LAWRENCEVILLE — There is an old saying in the Peach State that pretty well sums up the cultural, racial, and economic diversity of the state. The saying goes something like this: “There is Atlanta, and there is the Other Georgia.”
Metropolitan Atlanta is the unequivocal economic engine that drives much of the state’s commerce, generates the largest amount of tax revenue, and attracts the greatest amount of cultural diversity.
But Atlanta needs those vast rural areas to generate agricultural profits from crops such as peanuts and peaches for export as well as vegetables for the state’s tables. It takes farmers who labor against environmental odds of drought and rain and immigrants who toil for poverty-level wages to harvest crops that few native-born Americans want to pick.
There are counties of all sizes with their own unique value that are part of the great quilt which makes up the State of Georgia.
And then there is Gwinnett, with 850,000 residents the state’s second most populated county and by far the most ethnically diverse. To paraphrase another saying, if you want to see what heaven will be like, look at Gwinnett County.
Hugh Townsend and his staff of church planters are working to assure that as many of the native-born Georgians, immigrants, refugees … and yes, even Yankees … hear the Good News and take it to their own friends and neighbors.
The Association will be hosting the 196th Annual Meeting of the Georgia Baptist Convention on Nov. 13-14 at North Metro First Baptist Church in Lawrenceville. The annual meeting will be preceded by the Inspirational Rally and missions service at 6 p.m. on Nov. 12.
Townsend, who had already retired from a career with the former Home Mission Board and its successor – the North American Mission Board – assumed the role as Intentional Director of Missions in 2013. He expected his role to be just a year or two duration but was eventually offered the role as permanent part-time director.
“You know, it’s one of those Baptist jobs with full-time responsibility and part-time pay,” he says with a laugh. But Townsend is up to the task and is committed to knitting a team of volunteers and church planters to do whatever it takes to reach Gwinnett – and by extension, the world – for Christ.
The Association, as many nationwide, has fallen on hard times after the Great Recession and is struggling to get back on its feet. He notes that Gwinnett Metro Baptist Association has just completed its second year of marginally out-giving its budget. It’s not a great victory, but he will take the victory in whatever form it takes.
“The health of the Association is good,” he says with a sense of pride.
Townsend is no stranger to the calling. He spent 23 years with HMB/NAMB working with Associational Directors of Missions throughout the nation. He is familiar with their struggles and successes and knows the minefields to successful ministry.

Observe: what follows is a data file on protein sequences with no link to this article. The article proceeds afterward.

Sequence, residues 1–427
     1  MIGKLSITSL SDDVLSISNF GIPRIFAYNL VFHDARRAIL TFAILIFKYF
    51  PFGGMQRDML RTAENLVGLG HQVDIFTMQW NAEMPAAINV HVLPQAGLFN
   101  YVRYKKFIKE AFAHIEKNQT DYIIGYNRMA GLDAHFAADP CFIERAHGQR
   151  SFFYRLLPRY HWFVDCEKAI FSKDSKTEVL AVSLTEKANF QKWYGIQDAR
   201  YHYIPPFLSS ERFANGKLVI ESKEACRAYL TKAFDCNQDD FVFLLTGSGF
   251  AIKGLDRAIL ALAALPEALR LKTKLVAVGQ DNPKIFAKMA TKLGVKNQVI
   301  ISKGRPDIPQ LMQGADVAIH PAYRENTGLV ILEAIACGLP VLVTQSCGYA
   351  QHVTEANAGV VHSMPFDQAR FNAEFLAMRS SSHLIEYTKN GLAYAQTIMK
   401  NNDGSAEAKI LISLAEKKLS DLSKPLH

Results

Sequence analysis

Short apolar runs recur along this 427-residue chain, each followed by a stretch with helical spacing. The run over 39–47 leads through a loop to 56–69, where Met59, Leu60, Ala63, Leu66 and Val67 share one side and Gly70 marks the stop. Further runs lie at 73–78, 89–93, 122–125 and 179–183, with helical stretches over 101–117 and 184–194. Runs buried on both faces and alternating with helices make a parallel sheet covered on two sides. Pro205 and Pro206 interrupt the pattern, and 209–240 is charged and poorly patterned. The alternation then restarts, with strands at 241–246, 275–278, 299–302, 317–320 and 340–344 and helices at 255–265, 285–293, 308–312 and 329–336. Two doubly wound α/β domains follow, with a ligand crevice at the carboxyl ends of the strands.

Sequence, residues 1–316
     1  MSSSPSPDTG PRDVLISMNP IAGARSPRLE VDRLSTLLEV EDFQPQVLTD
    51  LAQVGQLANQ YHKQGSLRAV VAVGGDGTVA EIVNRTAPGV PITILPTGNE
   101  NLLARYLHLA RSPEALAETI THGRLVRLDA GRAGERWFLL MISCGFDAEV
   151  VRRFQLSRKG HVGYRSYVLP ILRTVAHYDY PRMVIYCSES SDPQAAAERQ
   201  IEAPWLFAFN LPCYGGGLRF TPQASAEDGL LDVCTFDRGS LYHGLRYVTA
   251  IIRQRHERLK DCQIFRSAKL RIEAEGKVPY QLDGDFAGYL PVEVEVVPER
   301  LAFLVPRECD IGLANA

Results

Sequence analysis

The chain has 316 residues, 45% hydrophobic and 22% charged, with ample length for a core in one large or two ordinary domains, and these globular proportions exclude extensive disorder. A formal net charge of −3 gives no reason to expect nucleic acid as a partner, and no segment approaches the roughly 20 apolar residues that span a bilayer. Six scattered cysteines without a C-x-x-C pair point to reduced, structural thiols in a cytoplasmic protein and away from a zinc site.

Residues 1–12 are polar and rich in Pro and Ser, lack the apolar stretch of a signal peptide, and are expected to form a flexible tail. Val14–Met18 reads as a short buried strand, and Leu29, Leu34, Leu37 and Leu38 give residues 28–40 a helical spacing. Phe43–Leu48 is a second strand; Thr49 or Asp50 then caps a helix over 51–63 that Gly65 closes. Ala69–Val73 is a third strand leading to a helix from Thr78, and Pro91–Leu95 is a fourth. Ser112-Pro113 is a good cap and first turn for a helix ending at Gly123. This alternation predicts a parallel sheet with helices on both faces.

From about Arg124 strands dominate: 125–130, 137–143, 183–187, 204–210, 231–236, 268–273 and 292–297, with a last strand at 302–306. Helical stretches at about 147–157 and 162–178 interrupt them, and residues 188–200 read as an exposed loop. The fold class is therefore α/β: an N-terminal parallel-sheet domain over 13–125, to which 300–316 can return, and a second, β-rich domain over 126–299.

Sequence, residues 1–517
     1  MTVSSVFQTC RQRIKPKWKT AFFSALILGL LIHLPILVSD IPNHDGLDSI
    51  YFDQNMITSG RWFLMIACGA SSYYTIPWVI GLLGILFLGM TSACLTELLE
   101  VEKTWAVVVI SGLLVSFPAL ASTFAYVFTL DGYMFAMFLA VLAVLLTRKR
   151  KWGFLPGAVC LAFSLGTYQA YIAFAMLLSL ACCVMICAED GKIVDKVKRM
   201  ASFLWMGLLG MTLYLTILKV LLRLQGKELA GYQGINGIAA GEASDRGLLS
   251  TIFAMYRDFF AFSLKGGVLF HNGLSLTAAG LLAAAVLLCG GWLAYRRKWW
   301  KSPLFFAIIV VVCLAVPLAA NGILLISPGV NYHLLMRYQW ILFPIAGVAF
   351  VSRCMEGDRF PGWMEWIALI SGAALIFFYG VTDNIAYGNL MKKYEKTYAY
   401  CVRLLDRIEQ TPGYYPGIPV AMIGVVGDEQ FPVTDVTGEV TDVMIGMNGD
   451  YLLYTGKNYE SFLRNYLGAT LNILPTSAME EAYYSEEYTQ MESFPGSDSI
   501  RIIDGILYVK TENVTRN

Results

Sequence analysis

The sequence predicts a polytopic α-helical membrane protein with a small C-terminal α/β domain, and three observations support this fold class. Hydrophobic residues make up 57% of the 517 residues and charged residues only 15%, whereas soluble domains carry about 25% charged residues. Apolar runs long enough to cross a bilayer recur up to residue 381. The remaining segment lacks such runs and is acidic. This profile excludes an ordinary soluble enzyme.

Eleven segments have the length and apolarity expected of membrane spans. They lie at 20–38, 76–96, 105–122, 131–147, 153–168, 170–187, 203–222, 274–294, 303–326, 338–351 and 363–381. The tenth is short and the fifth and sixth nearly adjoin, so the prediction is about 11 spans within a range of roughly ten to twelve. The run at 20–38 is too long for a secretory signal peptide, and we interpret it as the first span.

And he admits the challenges that face himself and his colleagues, some a few decades younger.
“Churches are less committed to Associations than any time in my career. Many churches are becoming more isolated, more independent from the denomination in spite of maintaining a loose affiliation with their state or national Convention. But that does not mean they are isolationists; rather, they are creating their own networks due to the ease of cultivating relationships through the Internet.”
In short, the state convention or national denomination are no longer the only game in town.
But he is not ready to count the Association model – the backbone on which the Southern Baptist Convention was formed – down and out. He believes with the right vision in tune with the times, the Association can be just as valuable as it was at its founding before the SBC existed.
“Nationwide in the past several years, Associations became more involved in actually doing ministry for their churches rather than partnering with those churches, working with them to involve their laity. I think we have turned the corner on that approach and are more concerned with being a resource to those churches, walking with them to equip them to reach their own mission field,” he says.
Gwinnett County is an especially difficult mission field, he adds.
“At the end of the 1996 Olympics this county exploded more than any other with diverse people from all over the world moving here. Some were immigrants, other refugees, and others were business people who saw a truly international city that was a great place to do business.”
That brought a plethora of peoples and languages to what was once a sleepy and backwater community of metropolitan Atlanta.
Today Gwinnett Metro has
“This county is preparing to cross over the 1-million mark in the very near future. Just two years ago county officials predicted a 239,000 increase in the next decade; all indications are that we will have no problem reaching that prediction,” he says.
Townsend and his group of church planters – representing Hispanic, West African (Ghana), East African (Kenya), African American, Anglo, Bhutanese, and Korean – are working hard to assure that as many of those new residents as possible have the opportunity to hear the Good News in their own language and cultural context.
“We are definitely a field white unto harvest,” he adds.
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